Big ol’ gal that will not favor you with blossoms until September. Absolutely not hardy here, or anywhere north of Zone 8.  Take cuttings, ’cause baby she’s worth it. The furry, hot pink flowers will thrill any hummingbirds left zipping around (I read ours the riot act this weekend, they have GOT to hit the road soon). Note there is some hullabaloo as to S. puberula vs. S. involucrata vs. some hybrid amongst the two.  Will report back.

salviapink

Chrysanthemum x whatever ‘Venus’ .
Am so tired of the taxonomic uncertainty. ChrysanthemumDendranthemum…  Whatever you call her, ‘Venus’ is a wonderful “real” garden mum (not those heinous meatball things) that brings the pink blooms in September, then fades to palest of pink, but not before every bee in the neighborhood visits.  Fairly compact (2-3’) and pretty darn hardy (Zone 5). Tuck Venus amongst things you know will be done before fall – bee balm, phlox, etc. to keep the show going!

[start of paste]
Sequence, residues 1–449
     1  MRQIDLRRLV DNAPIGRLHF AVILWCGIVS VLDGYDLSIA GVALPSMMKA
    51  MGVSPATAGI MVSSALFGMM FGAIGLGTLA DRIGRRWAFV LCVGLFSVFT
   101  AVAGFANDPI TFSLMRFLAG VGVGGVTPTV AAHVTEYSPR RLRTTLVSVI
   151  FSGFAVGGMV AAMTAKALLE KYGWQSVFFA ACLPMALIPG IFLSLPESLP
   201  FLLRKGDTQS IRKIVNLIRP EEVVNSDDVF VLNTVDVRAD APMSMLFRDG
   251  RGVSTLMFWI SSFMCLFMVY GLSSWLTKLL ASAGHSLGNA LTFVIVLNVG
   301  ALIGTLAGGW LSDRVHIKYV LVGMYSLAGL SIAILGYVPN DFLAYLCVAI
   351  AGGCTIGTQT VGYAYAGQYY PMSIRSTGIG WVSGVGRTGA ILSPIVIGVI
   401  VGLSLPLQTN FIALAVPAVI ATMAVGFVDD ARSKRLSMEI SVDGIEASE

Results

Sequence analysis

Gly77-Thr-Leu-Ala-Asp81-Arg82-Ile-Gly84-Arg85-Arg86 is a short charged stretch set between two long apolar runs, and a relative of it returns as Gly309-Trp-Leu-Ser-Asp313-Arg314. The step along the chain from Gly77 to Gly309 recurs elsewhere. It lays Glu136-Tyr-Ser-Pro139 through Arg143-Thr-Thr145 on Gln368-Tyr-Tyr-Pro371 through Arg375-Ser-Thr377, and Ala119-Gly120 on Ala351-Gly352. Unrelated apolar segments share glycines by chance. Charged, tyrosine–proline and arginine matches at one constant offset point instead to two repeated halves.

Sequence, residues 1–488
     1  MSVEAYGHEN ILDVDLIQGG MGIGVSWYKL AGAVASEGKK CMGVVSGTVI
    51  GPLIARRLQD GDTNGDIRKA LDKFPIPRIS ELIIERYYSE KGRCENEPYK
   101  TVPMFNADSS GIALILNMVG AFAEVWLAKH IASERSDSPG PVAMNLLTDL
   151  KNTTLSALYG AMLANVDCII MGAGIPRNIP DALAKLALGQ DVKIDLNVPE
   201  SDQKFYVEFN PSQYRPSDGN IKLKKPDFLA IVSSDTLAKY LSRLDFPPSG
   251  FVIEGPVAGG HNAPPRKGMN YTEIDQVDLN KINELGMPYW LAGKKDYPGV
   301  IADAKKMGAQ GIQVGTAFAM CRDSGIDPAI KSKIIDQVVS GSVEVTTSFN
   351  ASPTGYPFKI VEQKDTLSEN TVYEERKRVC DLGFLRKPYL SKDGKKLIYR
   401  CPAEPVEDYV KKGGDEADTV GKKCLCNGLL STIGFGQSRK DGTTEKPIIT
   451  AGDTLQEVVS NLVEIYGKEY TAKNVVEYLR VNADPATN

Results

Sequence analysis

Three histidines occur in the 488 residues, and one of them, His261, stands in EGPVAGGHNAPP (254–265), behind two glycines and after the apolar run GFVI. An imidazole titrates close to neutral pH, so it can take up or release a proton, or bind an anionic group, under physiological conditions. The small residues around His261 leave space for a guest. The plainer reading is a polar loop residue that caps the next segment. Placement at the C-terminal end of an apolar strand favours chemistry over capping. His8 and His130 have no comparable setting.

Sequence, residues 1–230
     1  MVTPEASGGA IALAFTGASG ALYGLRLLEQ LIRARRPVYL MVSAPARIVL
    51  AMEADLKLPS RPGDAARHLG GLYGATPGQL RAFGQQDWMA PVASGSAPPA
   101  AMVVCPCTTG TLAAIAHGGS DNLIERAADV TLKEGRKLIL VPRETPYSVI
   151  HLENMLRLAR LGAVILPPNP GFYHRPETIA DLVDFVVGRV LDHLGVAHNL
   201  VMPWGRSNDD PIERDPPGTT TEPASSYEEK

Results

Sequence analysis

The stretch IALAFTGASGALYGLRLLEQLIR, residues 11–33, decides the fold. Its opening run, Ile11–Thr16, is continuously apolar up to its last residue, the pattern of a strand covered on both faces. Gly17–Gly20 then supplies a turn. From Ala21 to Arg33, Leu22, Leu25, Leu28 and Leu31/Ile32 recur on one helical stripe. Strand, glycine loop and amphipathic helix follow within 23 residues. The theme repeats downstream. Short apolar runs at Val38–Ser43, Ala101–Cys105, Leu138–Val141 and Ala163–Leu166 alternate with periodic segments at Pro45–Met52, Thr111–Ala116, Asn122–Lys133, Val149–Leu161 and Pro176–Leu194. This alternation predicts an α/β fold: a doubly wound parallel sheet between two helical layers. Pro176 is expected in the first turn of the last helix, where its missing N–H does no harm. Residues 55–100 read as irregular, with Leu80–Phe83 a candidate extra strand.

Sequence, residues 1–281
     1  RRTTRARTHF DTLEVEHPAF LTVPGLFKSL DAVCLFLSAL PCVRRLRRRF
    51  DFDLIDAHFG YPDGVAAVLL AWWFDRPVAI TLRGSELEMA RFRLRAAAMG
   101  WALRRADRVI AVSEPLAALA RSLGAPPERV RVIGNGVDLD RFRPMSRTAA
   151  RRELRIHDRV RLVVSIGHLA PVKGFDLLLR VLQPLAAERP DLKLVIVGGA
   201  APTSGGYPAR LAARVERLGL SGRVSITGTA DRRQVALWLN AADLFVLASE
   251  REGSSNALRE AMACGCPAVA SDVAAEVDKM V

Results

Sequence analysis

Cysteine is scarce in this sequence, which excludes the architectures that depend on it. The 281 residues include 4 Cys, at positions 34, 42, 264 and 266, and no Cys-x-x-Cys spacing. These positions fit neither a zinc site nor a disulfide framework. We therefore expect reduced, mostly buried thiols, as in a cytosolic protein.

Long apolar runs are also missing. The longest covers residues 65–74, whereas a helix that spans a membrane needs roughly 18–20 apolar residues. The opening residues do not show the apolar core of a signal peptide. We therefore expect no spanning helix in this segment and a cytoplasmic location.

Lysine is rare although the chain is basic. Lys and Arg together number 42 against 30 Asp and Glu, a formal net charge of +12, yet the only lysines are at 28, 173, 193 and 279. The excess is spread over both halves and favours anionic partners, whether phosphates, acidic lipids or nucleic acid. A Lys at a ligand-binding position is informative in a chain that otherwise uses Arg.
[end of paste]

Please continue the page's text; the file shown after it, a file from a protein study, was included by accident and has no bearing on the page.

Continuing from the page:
chrysvenus

So there you have it, some pink for our October gardens.  In loving memory of my sister Carlene.

Mitchella repens … Partridge Berry … an Evergreen Native Groundcover for Shade

NaturalSetting1

Partridge Berry in its Natural Setting

One of the questions that came up regularly when I was working the hotline at the local county Extension office, is a recommendation for an evergreen ground cover for shady spots.  I had the same issue when I created my own shade garden … something that would have year round interest, but complement my desire to emphasize native species, although that was only one consideration.

The solution was literally right next to me, as a walk in my woods revealed with the lovely plant Partridge Berry, or Mitchella repens.